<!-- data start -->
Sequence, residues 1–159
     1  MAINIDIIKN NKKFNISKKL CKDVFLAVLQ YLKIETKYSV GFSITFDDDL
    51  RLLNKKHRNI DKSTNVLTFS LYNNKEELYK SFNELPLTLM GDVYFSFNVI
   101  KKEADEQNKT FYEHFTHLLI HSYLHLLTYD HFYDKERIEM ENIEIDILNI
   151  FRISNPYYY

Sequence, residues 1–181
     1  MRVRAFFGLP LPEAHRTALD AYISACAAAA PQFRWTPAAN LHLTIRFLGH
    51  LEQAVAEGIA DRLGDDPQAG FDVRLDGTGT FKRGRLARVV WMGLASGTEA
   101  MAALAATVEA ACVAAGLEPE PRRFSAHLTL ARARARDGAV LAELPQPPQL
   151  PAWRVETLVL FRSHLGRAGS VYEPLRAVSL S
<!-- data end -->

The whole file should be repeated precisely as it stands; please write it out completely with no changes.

Sequence, residues 1–159
     1  MAINIDIIKN NKKFNISKKL CKDVFLAVLQ YLKIETKYSV GFSITFDDDL
    51  RLLNKKHRNI DKSTNVLTFS LYNNKEELYK SFNELPLTLM GDVYFSFNVI
   101  KKEADEQNKT FYEHFTHLLI HSYLHLLTYD HFYDKERIEM ENIEIDILNI
   151  FRISNPYYY

Sequence, residues 1–181
     1  MRVRAFFGLP LPEAHRTALD AYISACAAAA PQFRWTPAAN LHLTIRFLGH
    51  LEQAVAEGIA DRLGDDPQAG FDVRLDGTGT FKRGRLARVV WMGLASGTEA
   101  MAALAATVEA ACVAAGLEPE PRRFSAHLTL ARARARDGAV LAELPQPPQL
   151  PAWRVETLVL FRSHLGRAGS VYEPLRAVSL S